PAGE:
So, without any change in beliefs about abortion, the people who feel socially connected to the pro-choice or pro-life groups are promising significantly more political activism than those who don’t feel socially connected. (119)
Injustice, wrong, injury excites the feeling of resentment, as naturally and necessarily as frost and ice excite the feeling of cold, as fire excites heat, and as both excite pain. A man may have the faculty of concealing his resentment, or suppressing it, but he must and ought to feel it. Nay he ought to indulge it, to cultivate it. It is a duty. His person, his property, his liberty, his reputation are not safe without it. He ought, for his own security and honour, and for the public good, to punish those who injure him. … It is the same with communities. They ought to resent and to punish.
– John Adams, diary entry of March 4, 1776, one month before Lexington and Concord (quoted in Philbrick 2013)
…the emotions strong partisans experience help them to bypass individual-level utility calculations and take action on behalf of their party – Eric Groenendyk and Antoine Banks, 2014
[Anger and enthusiasm] have been labeled “approach emotions”. (122)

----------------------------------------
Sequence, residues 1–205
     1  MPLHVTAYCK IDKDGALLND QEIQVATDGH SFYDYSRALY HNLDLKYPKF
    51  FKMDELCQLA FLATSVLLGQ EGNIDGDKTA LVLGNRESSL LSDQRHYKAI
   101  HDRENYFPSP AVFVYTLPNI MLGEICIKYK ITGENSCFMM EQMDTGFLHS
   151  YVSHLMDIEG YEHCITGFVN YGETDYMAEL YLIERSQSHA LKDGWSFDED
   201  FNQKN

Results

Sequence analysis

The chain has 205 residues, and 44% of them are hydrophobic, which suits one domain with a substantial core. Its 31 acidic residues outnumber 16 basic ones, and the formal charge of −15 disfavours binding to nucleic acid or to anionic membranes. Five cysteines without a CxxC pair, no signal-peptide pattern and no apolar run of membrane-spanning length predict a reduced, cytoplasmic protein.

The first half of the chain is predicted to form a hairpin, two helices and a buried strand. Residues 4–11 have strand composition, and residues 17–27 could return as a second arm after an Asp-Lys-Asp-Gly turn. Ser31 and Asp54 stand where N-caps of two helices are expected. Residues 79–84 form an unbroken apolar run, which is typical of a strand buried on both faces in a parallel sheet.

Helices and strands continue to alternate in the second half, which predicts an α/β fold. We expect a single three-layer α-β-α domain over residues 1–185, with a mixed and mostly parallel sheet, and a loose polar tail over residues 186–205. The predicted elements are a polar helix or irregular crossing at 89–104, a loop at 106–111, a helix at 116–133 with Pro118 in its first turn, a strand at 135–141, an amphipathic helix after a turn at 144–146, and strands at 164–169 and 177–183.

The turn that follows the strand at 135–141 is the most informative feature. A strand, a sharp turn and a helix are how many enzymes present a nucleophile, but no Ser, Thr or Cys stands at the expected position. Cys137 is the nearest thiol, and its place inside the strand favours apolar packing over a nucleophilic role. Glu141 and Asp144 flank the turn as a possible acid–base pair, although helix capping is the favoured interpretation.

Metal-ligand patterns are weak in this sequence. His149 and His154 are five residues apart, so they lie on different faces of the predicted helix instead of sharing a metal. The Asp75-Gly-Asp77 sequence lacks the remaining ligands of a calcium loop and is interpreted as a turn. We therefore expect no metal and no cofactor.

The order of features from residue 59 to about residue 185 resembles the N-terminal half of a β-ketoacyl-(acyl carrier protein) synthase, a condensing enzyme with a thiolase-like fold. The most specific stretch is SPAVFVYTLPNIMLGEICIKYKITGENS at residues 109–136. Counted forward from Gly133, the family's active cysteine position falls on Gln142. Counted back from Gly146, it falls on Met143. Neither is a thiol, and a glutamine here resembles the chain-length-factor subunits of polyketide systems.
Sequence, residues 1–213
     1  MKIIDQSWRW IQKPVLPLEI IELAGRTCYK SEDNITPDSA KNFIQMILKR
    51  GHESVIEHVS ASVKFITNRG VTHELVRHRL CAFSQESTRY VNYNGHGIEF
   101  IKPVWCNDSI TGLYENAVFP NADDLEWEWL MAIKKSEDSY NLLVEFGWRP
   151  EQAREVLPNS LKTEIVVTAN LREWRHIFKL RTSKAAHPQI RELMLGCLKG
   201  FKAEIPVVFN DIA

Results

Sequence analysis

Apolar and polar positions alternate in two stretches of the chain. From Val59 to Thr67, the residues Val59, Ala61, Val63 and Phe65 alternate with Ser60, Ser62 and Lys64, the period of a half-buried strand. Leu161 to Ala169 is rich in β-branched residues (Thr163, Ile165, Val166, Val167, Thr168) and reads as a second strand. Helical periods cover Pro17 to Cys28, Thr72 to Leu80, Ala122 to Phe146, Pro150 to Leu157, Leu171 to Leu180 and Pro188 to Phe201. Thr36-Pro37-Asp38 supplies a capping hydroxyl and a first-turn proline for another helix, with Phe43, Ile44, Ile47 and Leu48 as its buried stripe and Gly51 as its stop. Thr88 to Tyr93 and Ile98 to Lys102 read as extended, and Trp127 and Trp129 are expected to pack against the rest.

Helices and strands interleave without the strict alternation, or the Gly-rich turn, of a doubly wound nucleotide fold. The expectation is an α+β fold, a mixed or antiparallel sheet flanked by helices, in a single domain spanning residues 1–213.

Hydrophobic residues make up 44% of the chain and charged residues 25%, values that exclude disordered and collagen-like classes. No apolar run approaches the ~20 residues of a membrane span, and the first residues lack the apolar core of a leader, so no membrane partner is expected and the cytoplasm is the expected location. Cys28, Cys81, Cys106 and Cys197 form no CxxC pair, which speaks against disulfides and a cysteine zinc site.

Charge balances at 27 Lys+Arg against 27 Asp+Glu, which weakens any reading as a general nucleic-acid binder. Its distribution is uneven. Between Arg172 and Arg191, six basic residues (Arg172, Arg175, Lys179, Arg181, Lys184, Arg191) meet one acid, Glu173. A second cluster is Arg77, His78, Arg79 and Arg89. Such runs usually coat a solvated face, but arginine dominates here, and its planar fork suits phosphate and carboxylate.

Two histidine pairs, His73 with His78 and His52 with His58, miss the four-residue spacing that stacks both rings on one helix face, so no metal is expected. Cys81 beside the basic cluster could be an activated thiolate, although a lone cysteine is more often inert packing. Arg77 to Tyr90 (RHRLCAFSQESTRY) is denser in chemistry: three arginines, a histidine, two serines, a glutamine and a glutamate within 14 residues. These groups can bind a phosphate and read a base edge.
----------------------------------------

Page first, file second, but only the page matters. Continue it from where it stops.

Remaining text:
Without threat to a social group, members are less likely to derogate outgroups, and they have less of a motivation to improve the status of the group. Exposure to a threatening message does, overall, increase activism. (124)
But Don’t We Want an Active Electorate?
“I used to spend ninety per cent of my constituent response time on people who call, e-mail, or send a letter, such as, ‘I really like this bill, H.R. 123,’ and they really believe in it because they heard about it through one of the groups that they belong to, but their view was based on actual legislation,” Nunes said. “Ten percent were about ‘Chemtrails from airplanes are poisoning me’ to every other conspiracy theory that’s out there. And that has essentially flipped on its head.” The overwhelming majority of his constituent mail is now about the far-out ideas, and only a small portion is “based on something that is mostly true.” He added, “It’s dramatically changed politics and politicians, and what they’re doing.”
– Devin Nunes, Republican congressman from California (quoted in Lizza 2015)
Activism may have increased over the last few decades, but this is not necessarily a responsible, outcome-based participation. As Republican congressman Devin Nunes told New Yorker reporter Ryan Lizza in 2015, the types of people who reach out to him (a form of participation) are increasingly ignorant of the actual policies they wish to see enacted. They are participating, but they are doing so on the basis of misinformation and ill-formed ideas. (125)
The fact that action occurs because it simply feels good to act is not a great shining light of our contemporary democracy. (125)